34 posted on 12/26/2013 3:06:16 PM PST by Mark17 (Chicago Blackhawks: Stanley Cup champions 2010, 2013. Vietnam Veteran, 70-71a)
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To: BenLurkin

I’ll be interstellar when I get my resurrection body.


35 posted on 12/26/2013 3:08:34 PM PST by beethovenfan (If Islam is the solution, the "problem" must be freedom.)
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To: Mark17
People just do not have an appreciation for the vast distances of space.

And they watch too much fictional television.

36 posted on 12/26/2013 3:15:01 PM PST by fwdude ( You cannot compromise with that which you must defeat.)
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To: rbg81

And lets not forget “WE GOTTA FIX EARTH FIRST MAN!”


37 posted on 12/26/2013 3:25:16 PM PST by cripplecreek (REMEMBER THE RIVER RAISIN!)
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To: Pollster1
Aviation photos from 1913. I would not go out on a limb predicting what we cannot accomplish in another hundred years.

Before 1935, all the front-line fighters in US inventory were biplanes. Just ten years later, we had gone to jet fighters.

38 posted on 12/26/2013 3:29:34 PM PST by PapaBear3625 (You don't notice it's a police state until the police come for you.)
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To: SamAdams76

great science fiction book about going back to the 50s, knowing what we know about what is to come, it’s called : Replay, written by Ken Grimwood. The guy keeps going back, living a life, dying, then ends up in his college dorm room again, through countless lives... the first thing he does in each new life, is build his fortune by betting on the World Series, the Kentucky Derby, Sony stock, etc...very cool story, and extremely hard to put down.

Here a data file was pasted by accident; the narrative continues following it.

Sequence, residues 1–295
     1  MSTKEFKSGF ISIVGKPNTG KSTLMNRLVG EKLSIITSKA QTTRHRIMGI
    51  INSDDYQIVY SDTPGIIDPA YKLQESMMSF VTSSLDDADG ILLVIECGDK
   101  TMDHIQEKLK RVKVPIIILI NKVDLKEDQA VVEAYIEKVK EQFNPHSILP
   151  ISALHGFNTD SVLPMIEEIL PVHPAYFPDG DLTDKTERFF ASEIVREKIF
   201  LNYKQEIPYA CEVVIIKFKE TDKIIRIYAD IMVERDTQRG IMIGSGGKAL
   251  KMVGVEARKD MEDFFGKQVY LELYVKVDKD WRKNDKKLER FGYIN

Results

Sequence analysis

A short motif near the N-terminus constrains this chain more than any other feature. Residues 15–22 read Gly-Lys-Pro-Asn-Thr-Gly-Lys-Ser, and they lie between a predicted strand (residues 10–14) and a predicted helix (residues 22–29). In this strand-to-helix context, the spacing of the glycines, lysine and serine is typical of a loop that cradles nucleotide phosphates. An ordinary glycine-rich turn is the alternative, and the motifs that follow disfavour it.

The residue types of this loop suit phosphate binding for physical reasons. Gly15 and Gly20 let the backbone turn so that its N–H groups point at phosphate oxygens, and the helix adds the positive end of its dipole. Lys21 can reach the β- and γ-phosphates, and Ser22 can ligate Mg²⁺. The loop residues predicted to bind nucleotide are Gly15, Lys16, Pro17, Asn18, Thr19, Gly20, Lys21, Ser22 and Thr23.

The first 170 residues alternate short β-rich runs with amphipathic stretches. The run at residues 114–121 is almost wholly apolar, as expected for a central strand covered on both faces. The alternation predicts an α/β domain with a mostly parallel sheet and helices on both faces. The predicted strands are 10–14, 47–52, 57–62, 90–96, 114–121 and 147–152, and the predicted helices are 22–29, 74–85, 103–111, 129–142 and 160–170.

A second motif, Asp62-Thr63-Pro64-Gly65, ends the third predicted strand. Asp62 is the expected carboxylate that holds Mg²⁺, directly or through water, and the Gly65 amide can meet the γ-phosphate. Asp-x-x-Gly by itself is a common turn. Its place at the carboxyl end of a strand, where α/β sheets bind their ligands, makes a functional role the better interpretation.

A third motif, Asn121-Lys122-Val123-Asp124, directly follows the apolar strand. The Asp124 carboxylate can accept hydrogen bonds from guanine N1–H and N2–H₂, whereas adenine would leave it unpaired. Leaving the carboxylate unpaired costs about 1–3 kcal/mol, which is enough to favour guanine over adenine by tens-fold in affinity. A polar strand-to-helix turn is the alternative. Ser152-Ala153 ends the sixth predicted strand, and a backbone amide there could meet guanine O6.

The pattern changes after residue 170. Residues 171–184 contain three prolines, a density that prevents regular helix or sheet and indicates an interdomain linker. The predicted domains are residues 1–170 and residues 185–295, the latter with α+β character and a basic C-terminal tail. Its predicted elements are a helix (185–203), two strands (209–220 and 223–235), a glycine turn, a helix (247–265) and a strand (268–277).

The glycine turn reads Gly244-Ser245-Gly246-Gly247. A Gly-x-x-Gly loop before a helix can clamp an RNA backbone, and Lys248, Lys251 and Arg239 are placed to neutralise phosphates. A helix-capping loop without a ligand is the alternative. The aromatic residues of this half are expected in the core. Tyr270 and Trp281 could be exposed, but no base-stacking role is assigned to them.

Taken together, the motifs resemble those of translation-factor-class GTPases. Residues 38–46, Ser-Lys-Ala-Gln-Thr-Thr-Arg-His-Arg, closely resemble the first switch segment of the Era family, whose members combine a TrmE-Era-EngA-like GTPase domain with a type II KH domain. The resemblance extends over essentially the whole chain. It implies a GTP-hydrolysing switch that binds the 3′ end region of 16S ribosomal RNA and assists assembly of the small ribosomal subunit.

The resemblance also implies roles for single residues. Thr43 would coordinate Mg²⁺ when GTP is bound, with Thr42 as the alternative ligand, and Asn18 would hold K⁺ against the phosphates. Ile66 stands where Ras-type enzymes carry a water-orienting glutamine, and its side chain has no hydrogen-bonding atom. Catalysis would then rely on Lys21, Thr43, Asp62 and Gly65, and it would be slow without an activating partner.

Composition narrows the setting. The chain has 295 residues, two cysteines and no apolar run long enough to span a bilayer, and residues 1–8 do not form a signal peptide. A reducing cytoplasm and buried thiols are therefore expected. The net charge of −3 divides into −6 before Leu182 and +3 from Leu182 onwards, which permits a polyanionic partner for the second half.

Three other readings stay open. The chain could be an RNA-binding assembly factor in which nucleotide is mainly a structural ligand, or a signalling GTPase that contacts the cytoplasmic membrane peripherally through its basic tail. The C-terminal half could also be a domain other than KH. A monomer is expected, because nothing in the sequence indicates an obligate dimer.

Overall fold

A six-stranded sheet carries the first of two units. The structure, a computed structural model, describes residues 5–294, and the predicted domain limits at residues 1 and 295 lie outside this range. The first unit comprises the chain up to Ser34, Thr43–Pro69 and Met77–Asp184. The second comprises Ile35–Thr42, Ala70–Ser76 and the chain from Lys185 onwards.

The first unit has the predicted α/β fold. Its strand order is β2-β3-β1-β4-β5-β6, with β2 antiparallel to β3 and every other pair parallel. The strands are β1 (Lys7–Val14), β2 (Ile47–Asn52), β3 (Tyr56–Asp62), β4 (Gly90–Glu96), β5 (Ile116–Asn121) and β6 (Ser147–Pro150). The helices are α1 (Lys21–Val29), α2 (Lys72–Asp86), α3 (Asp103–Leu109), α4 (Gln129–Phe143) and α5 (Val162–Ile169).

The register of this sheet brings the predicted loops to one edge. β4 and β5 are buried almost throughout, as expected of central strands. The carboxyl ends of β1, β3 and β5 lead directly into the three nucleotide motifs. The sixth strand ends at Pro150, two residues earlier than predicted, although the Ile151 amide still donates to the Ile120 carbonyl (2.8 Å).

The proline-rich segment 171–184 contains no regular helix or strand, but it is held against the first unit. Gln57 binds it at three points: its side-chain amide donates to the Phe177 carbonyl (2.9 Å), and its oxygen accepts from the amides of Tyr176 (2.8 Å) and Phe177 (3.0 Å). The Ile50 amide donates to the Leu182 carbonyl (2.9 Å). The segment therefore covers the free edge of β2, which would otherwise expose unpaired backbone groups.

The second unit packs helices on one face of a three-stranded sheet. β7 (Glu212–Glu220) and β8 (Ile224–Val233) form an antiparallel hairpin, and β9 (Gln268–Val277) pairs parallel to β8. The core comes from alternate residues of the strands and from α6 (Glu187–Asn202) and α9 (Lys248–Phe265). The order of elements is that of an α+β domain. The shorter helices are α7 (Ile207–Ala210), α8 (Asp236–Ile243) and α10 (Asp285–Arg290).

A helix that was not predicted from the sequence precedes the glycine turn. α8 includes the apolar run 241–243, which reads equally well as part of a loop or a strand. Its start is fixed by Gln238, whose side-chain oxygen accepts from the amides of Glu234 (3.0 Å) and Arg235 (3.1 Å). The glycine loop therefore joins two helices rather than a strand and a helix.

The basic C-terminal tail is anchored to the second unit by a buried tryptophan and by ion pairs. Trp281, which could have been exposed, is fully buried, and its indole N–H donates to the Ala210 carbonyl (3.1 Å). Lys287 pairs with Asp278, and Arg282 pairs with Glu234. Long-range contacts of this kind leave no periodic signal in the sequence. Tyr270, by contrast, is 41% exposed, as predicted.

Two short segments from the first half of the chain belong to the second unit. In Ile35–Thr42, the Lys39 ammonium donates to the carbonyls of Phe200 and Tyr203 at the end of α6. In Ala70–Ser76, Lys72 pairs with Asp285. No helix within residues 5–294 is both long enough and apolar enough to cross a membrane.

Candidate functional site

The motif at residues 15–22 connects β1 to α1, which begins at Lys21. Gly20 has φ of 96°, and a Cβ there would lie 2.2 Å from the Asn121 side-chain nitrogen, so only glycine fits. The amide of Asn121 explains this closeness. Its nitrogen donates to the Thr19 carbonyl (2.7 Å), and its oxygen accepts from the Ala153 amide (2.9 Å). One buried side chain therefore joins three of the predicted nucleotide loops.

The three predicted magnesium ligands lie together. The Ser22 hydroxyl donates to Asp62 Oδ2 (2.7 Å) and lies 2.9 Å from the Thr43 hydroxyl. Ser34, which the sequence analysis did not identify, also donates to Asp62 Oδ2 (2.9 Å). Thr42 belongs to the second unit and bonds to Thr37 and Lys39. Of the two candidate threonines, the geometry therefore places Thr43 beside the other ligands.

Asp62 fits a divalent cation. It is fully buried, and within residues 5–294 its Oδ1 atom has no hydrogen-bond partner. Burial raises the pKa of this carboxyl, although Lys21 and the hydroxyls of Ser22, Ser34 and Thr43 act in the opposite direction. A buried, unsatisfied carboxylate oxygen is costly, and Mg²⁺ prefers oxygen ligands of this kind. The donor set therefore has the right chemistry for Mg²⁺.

39 posted on 12/26/2013 3:31:22 PM PST by Chuzzlewit
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To: beethovenfan; fwdude
I’ll be interstellar when I get my resurrection body.

When the saved of earth are at the feet of Jesus Christ, then we will be interstellar, not before. God will not permit sinful man to spread sin beyond this solar system.

40 posted on 12/26/2013 3:43:11 PM PST by Mark17 (Chicago Blackhawks: Stanley Cup champions 2010, 2013. Vietnam Veteran, 70-71a)
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To: I want the USA back; JRandomFreeper; fwdude; cripplecreek; 2ndDivisionVet; roamer_1; TigersEye; ...

Sometimes technologies are so disruptive that they just collapse time and distance. Railroads back in the 19th century were one. In the eastern USA canals were built in the 1820’s. This technology is roughly 5000 years old. Railroads were built starting in the 1830’s. They were a 5000 year leap forward, collapsing the time it took to get between places.

Roughly the same thing is going on today with computers only in reverse. They are collapsing distance by collapsing the time it takes to work through the issues of space travel. The faster computers go — the sooner will come intersteller travel.

We live in a moment of time during which computers are one speed. 10 years ago computers were much slower—so intersteller travel was much further in the future. 10 years from now computers will be much faster so intersteller travel will come much sooner.

I look to the Kurizwell’s inflection point in +-2039. He figures computers will become sentient at that point.

I don’t know that that will happen. But its likely that technology will move to the point where all the ingredients will be in place for large scale off world migrations. Certainly anyone paying attention today knows that by then 3d printing and advanced robotics will make offworld mining and manufacture quite do able. Thorium, h3 and water on the moon and mars will enable stable plentiful power sources.

My WAG is that large offworld migrations begin about 2050-60.

That’s breakout into the solar system.